The constitutional question of whether Section 3501 or Miranda controlled the admissibility of confessions in federal courts was raised sua sponte (“on the court’s own volition”) by the Fourth Circuit. The mere fact that this question was raised sua sponte is salient. Neither side had raised any constitutional issue at all, not to mention the question of why a federal statute was never used by state or federal prosecutors. 

Dickerson’s case resulted in a full review of Miranda. Nearly all of the arguments made by the Dickerson opposing Miranda were based on the premise that it was not constitutionally required. First and foremost of the factors on the side contending that Miranda was a constitutional decision was the observation that both Miranda and two of its companion cases had applied the rule in state courts, and since 1966, the Court had consistently applied Miranda’s rule to prosecutions arising in state courts. The Rehnquist Court acknowledged that there was language in some of its opinions that could support the opposing argument. However, the Court obviously wished to disabuse all who might continue to foster that notion.

Accordingly, the United States Supreme Court resolved the thirty-four-year debate over Miranda’s fate, specifying in its core holding that certain warnings must be given before a suspect’s statement made during custodial interrogation could be admitted into evidence. The opinion also dealt with the congressional response to Miranda in 18 USC 3501. Chief Justice Rehnquist, joined in the opinion by six other justices, with Justices Scalia and Thomas dissenting, delivered the opinion on June 25, 2000, the crucial holding of which is as follows:

We hold that Miranda, being a constitutional decision of this Court, may not be in effect overruled by an Act of Congress, and we decline to overrule Miranda ourselves. We therefore hold that Miranda and its progeny in this Court govern the admissibility of statements made during custodial interrogation in both state and federal courts.

The Dickerson opinion is a history lesson (citing cases from the King’s Bench in England in the sixteenth century, a primer on constitutional law (citing constitutional law precedents from 1884 through 1936, and a shining example of judicial rhetoric (“custodial interrogation takes a heavy toll on individual liberty and trades on the weakness of individuals”).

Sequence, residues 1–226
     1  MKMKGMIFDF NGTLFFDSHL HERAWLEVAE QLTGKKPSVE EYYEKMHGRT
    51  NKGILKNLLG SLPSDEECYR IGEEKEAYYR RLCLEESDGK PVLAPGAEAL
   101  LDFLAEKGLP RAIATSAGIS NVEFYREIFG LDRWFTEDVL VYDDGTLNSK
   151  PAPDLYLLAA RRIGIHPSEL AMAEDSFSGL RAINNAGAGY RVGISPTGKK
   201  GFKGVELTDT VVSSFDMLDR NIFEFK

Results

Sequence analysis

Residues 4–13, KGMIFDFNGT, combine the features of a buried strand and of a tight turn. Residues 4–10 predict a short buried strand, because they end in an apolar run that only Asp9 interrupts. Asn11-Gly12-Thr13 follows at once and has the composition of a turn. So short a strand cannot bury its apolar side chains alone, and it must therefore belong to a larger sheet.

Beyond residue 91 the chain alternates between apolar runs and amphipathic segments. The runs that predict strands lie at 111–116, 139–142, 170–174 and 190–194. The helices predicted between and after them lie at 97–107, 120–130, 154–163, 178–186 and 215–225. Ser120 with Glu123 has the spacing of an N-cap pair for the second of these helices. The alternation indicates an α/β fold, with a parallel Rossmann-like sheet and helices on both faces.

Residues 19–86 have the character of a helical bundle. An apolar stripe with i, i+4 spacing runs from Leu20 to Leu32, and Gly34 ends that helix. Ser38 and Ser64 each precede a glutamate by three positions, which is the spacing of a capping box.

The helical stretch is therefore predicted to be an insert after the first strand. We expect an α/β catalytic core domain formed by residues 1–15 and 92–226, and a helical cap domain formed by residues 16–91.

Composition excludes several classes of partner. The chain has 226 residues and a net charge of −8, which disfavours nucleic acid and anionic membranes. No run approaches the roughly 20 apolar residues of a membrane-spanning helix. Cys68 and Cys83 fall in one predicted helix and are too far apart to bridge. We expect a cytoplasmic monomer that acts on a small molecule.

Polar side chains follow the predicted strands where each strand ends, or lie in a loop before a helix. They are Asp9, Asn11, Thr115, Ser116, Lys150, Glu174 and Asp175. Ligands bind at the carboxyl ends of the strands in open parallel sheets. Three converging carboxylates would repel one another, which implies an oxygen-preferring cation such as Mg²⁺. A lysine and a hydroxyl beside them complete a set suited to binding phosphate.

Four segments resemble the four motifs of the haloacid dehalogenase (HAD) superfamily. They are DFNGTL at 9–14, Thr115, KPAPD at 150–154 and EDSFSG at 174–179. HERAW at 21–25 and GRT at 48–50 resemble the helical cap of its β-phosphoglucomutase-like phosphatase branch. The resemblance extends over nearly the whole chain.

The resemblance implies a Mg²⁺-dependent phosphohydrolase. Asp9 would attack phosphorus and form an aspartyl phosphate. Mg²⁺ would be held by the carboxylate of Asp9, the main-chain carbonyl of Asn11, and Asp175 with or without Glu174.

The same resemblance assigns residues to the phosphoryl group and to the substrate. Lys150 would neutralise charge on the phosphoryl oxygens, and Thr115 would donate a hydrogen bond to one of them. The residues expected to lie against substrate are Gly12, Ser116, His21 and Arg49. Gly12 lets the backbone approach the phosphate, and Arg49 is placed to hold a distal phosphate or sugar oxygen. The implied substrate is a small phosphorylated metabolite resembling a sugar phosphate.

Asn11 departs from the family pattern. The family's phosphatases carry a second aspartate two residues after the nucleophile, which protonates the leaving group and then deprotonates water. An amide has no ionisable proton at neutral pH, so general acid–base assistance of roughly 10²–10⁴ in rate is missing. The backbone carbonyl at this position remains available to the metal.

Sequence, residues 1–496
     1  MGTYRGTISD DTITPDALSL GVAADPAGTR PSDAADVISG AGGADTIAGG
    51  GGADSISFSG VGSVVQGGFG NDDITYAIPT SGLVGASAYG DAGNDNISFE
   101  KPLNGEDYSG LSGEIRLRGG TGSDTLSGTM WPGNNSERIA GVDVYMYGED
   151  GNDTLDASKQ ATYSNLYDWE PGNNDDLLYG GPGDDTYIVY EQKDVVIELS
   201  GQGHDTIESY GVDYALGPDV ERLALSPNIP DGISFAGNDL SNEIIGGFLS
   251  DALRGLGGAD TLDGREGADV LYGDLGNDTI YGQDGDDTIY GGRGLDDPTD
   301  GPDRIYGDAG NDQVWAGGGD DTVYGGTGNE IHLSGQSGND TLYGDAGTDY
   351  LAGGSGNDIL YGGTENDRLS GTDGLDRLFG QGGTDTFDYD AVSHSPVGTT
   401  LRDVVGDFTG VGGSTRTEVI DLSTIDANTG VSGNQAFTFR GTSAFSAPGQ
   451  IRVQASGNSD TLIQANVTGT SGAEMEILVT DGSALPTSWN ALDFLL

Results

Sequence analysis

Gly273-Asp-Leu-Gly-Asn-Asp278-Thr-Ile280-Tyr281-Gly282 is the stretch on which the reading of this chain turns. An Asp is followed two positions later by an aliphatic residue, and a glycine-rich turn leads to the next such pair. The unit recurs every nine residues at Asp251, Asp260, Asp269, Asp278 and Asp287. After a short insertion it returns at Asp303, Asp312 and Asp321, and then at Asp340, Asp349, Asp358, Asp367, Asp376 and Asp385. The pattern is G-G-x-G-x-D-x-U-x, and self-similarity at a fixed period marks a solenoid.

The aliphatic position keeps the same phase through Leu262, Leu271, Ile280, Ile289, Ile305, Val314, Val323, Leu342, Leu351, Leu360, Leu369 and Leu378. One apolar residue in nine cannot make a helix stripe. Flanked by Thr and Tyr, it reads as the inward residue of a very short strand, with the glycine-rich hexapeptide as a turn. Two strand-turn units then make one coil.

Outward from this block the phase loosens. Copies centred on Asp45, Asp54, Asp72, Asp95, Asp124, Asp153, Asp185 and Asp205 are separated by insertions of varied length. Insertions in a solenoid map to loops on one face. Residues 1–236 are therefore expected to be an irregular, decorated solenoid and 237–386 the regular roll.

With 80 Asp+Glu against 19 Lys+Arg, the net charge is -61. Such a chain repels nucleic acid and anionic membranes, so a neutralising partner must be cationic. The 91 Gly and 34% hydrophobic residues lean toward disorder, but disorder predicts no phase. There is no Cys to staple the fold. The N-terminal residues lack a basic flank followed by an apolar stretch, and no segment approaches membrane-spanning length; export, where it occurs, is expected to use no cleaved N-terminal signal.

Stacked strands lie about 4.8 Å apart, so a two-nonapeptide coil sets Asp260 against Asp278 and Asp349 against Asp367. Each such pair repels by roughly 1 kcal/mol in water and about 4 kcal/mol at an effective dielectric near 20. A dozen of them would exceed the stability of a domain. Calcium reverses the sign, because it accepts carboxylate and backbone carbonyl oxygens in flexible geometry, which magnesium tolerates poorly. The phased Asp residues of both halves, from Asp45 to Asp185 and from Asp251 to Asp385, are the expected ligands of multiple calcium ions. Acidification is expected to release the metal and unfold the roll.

With respect to proceedings in state courts, the Supreme Court’s authority is limited to enforcing the commands of the United States Constitution. The Miranda opinion itself had begun by stating that the Court granted certiorari to explore some facets of the problems of applying the privilege of self-incrimination to in-custody interrogation and to give concrete constitutional guidelines for law enforcement agencies and courts to follow. Indeed, the Court’s conclusion in Dickerson was that the unwarned confessions obtained in the four cases before the Court in Miranda “were obtained from the defendant under circumstances that did not meet constitutional standards for protection of the privilege.”

The most compelling aspect of the Dickerson decision, irrespective of judicial ideology or the political persuasion of the moment, is that it relies on the same underlying values as Miranda, values that so bitterly separated the civil libertarians from the law enforcement community for three decades. “We need not go farther than Miranda to decide this case,” the Dickerson opinion states. And furthermore:

In Miranda, the Court noted that reliance on the traditional totality-of-the-circumstances test raised a risk of overlooking an involuntary custodial confession. [That is] a risk that the Court found unacceptably great when the confession is offered in the case in chief to prove guilt. The Court therefore concluded that something more than the totality test was necessary. Section 3501 reinstates the totality test as sufficient. Section 3501 therefore cannot be sustained if Miranda is to remain law.

“In sum,” closed the Dickerson opinion, “we conclude that Miranda announced a constitutional rule that Congress may not supersede legislatively. Following the rule of stare decisis, we decline to overrule Miranda ourselves.”


Miranda: The Story of America's Right to Remain Silent
Copyright © 2004, Gary L. Stuart. All rights reserved.
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page last revised: 10/25/04